O'Finnen History, Family Crest & Coats of Arms
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The roots of the O'Finnen surname in Ireland are somewhat unclear; it seems that the name was both native Irish Gaelic, and Norman. The Gaelic name "ó Fionnáin" seems to be derived from Gaelic word "fionn, "which means "fair." This Gaelic name has been Anglicized as Finan and Fanning, both of which are also Norman names that came to Ireland in the 12th century.
Early Origins of the O'Finnen family
The surname O'Finnen was first found in County Mayo (Irish: Maigh Eo) located on the West coast of the Republic of Ireland in the province of Connacht, where they were of the Hy Fiachrach Sept. One notable bearer of the personal name who lived several centuries prior to the introduction of hereditary surnames was St. Finan (Finan of Lindisfarne) who died in 661 AD, and achieved repute for his missionary work in England. He was Bishop of Lindisfarne (651-661) and he converted the kings Sigebert of Essex and Peada of the Middle Angles to Christianity.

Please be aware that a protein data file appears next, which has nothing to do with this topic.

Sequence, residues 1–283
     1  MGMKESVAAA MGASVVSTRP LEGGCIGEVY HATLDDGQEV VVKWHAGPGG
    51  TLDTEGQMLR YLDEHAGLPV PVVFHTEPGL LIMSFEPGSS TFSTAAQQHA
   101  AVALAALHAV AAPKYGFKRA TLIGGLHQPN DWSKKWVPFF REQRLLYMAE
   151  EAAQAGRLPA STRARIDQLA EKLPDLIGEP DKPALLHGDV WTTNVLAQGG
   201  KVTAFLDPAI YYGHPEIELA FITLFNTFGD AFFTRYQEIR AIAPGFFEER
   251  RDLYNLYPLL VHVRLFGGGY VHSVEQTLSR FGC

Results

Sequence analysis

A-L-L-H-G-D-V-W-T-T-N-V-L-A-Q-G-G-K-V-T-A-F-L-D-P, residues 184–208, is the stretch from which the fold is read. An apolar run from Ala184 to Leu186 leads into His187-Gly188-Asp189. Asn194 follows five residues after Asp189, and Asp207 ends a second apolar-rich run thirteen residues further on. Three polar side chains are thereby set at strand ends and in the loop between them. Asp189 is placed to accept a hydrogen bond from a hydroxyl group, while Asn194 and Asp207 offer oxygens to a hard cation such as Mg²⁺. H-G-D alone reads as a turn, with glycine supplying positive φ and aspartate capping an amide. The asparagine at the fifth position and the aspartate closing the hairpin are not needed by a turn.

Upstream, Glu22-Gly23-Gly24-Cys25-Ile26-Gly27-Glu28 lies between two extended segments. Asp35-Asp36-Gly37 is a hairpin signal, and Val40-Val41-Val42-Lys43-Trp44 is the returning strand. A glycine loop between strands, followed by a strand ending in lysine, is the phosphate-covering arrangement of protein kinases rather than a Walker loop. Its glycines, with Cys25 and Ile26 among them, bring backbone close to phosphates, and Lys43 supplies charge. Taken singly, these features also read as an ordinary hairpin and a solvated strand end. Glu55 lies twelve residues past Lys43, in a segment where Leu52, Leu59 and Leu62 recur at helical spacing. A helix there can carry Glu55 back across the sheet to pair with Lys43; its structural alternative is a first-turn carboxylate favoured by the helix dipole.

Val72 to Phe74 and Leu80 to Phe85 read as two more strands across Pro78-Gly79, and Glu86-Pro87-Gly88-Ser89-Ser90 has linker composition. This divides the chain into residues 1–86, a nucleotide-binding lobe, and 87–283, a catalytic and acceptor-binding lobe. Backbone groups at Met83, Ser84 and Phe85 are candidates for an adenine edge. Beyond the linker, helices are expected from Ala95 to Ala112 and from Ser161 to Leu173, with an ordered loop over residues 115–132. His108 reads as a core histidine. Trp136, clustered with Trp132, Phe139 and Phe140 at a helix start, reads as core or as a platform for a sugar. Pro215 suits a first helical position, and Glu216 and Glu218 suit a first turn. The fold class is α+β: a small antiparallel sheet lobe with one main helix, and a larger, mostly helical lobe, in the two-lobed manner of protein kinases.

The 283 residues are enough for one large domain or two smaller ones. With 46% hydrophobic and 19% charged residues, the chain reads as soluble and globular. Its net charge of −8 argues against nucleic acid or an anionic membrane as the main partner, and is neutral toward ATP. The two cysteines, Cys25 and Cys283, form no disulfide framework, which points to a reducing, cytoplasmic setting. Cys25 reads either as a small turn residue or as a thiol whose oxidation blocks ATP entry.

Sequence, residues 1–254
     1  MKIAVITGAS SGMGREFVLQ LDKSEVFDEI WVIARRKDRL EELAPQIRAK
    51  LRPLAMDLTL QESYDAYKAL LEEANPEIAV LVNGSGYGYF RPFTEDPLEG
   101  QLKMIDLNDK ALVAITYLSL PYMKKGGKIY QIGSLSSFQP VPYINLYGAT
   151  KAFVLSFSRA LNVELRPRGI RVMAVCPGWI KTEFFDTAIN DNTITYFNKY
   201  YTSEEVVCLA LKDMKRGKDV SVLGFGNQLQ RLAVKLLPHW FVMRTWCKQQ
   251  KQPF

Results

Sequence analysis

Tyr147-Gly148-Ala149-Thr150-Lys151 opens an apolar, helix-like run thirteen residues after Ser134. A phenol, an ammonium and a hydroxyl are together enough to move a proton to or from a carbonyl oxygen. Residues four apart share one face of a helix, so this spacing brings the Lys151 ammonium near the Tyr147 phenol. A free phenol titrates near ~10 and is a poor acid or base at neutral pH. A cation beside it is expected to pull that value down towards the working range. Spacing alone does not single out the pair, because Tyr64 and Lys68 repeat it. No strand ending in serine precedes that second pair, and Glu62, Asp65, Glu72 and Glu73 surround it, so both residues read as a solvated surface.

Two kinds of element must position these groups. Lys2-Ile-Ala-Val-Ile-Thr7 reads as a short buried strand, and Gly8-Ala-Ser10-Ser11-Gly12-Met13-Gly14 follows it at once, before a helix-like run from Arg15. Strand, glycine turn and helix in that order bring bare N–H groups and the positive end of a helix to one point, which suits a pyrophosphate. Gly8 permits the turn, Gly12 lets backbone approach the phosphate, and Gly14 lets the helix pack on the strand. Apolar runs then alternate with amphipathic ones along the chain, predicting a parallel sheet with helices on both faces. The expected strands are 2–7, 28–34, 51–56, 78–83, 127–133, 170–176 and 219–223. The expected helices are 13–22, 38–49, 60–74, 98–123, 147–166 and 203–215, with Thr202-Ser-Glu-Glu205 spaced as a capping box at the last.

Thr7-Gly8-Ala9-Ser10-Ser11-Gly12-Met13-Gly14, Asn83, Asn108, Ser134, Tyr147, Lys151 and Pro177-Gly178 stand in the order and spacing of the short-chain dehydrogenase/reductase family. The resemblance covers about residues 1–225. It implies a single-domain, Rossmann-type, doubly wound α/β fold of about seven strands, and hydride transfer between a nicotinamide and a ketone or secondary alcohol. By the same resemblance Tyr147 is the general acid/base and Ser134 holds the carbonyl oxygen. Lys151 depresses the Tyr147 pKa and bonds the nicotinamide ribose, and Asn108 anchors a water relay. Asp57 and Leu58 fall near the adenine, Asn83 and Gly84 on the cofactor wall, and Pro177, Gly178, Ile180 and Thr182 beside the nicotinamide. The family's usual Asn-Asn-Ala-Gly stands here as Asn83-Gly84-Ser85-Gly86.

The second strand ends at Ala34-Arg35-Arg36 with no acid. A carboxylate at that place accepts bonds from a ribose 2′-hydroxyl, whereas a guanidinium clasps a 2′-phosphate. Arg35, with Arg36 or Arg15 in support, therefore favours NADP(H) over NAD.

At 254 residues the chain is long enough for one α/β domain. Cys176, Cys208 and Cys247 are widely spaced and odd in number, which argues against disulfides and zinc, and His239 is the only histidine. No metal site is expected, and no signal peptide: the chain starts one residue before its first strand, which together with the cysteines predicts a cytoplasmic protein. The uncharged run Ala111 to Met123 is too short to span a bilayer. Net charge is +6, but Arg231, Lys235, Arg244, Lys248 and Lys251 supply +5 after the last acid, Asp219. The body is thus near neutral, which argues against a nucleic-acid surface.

Early History of the O'Finnen family
This web page shows only a small excerpt of our O'Finnen research. Another 63 words (4 lines of text) covering the years 1659, 1901 and 1847 are included under the topic Early O'Finnen History in all our PDF Extended History products and printed products wherever possible.
O'Finnen Spelling Variations
Spelling variations of this family name include: Finan, O'Finan, Ofinan, Finane and others.
Early Notables of the O'Finnen family (pre 1700)
More information is included under the topic Early O'Finnen Notables in all our PDF Extended History products and printed products wherever possible.
Migration of the O'Finnen family
Some of the first settlers of this family name or some of its variants were: George Finnan, on record in Ontario, Canada in 1804; James Finan, who came to Ontario in 1818; Patrick Finan, who was naturalized in New York city in 1833.
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- ^ Smith, George (ed), Dictionary of National Biography. London: Smith, Elder & Co., 1885-1900. Print